* Father Chrysostomos via RT <perlbug-followup@​perl.org> [2011-12-
11T09​:48​:24]

On Sun Dec 11 06​:05​:24 2011, LeonT wrote​:

It's possible to do the right thing AFAIK, it's just that no one
does
it. Ironically, it's quite easy and sane to do in XS, but really
hard
in pure perl. I'd like a way to flag a function as being able to
handle lexical $_ if we are going to make this warn.

given ($x) {
no warnings 'closure';
my $sub = sub { warn $_ };
}

Something along those lines?

I think Leon Timmermans meant that functions like Scalar​::Util​::first
should be able to suppress that warning in their *arguments*.

given ($x) {
  when(first { ... $_ ... }); # no warning
  when(other_func { ... $_ ... }); # warning
}

What’s so ironic is that, if called functions can see it, $_ isn’t
really lexical any more, is it?

Well, they're seeing it because they closed over it, right? That's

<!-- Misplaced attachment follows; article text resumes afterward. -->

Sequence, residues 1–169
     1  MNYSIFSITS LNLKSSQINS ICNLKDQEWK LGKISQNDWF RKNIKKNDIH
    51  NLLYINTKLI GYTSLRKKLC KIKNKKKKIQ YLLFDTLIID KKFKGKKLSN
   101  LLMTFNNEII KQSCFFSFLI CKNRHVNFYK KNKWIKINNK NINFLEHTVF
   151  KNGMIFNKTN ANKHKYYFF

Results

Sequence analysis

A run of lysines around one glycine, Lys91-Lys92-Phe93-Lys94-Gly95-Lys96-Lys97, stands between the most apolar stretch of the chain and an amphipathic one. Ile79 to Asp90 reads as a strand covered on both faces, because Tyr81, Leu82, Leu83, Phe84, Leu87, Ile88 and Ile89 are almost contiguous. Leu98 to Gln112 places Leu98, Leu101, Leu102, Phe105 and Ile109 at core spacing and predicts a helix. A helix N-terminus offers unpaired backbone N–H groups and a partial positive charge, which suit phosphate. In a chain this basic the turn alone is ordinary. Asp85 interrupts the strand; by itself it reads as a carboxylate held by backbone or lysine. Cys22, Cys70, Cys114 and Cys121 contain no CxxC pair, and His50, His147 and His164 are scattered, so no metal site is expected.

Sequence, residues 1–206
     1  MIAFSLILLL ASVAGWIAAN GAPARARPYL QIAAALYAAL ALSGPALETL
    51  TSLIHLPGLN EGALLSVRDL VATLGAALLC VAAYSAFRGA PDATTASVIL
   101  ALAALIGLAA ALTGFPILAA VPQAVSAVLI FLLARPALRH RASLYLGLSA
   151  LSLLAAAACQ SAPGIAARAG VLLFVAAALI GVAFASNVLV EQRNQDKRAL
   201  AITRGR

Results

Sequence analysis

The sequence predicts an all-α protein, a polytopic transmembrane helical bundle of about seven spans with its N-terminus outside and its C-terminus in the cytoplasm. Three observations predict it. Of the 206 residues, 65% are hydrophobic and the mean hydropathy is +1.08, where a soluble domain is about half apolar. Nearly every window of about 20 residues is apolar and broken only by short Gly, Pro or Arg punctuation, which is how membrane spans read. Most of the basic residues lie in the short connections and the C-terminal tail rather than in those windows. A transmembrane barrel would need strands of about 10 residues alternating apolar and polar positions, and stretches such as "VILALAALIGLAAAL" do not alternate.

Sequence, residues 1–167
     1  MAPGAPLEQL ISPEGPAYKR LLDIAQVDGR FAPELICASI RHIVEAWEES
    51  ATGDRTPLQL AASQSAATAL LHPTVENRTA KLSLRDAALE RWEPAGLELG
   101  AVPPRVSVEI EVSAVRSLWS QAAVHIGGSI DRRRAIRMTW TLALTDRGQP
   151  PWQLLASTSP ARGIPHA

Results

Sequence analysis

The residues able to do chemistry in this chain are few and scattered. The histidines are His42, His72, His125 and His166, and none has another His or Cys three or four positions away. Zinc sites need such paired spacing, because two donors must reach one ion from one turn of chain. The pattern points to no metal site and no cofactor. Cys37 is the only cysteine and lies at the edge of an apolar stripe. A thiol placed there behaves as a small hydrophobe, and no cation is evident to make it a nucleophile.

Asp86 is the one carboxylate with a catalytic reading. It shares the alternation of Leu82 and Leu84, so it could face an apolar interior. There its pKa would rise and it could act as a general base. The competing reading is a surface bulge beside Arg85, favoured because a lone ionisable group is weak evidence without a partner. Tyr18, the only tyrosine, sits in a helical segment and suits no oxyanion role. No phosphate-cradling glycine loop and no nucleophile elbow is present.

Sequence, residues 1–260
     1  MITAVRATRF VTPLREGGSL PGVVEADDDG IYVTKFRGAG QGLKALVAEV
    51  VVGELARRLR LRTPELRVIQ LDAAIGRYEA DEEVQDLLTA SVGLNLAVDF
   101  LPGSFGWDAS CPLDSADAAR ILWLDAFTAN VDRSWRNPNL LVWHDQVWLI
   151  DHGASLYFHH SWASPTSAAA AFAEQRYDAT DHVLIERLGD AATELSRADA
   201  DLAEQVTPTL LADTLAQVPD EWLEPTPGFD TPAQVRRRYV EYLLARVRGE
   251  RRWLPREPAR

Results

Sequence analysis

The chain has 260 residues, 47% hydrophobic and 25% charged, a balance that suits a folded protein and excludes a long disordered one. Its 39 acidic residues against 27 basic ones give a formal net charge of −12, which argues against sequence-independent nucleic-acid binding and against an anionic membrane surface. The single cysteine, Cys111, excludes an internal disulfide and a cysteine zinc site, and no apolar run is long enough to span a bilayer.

still
lexical.

I’m referring to the ability of XS modules (like Scalar​::Util​::first) to
access the lexical $_ of the caller. Scalar​::Util​::first doesn’t
actually do that, so it’s not a good example, but there is an API for it.

--

Father Chrysostomos

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@p5pRT p5pRT commented Dec 18, 2011

From @Leont

On Mon, Dec 12, 2011 at 10​:03 PM, Father Chrysostomos via RT
<perlbug-followup@​perl.org> wrote​:

I think Leon Timmermans meant that functions like Scalar​::Util​::first
should be able to suppress that warning in their *arguments*.

given ($x) {
   when(first { ... $_ ... }); # no warning
   when(other_func { ... $_ ... }); # warning
}

Exactly.

I’m referring to the ability of XS modules (like Scalar​::Util​::first) to
access the lexical $_ of the caller.  Scalar​::Util​::first doesn’t
actually do that, so it’s not a good example, but there is an API for it.

Though I'm not sure any module uses it currently TBH, ppport and some
unicode symbols generate too much noise for grep.cpan.me to give clear
results but I didn't see any positives so far.

Leon

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@p5pRT p5pRT commented Aug 19, 2012

From @cpansprout

Fixed by b5a6481.

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@p5pRT p5pRT commented Aug 19, 2012

@cpansprout - Status changed from 'open' to 'resolved'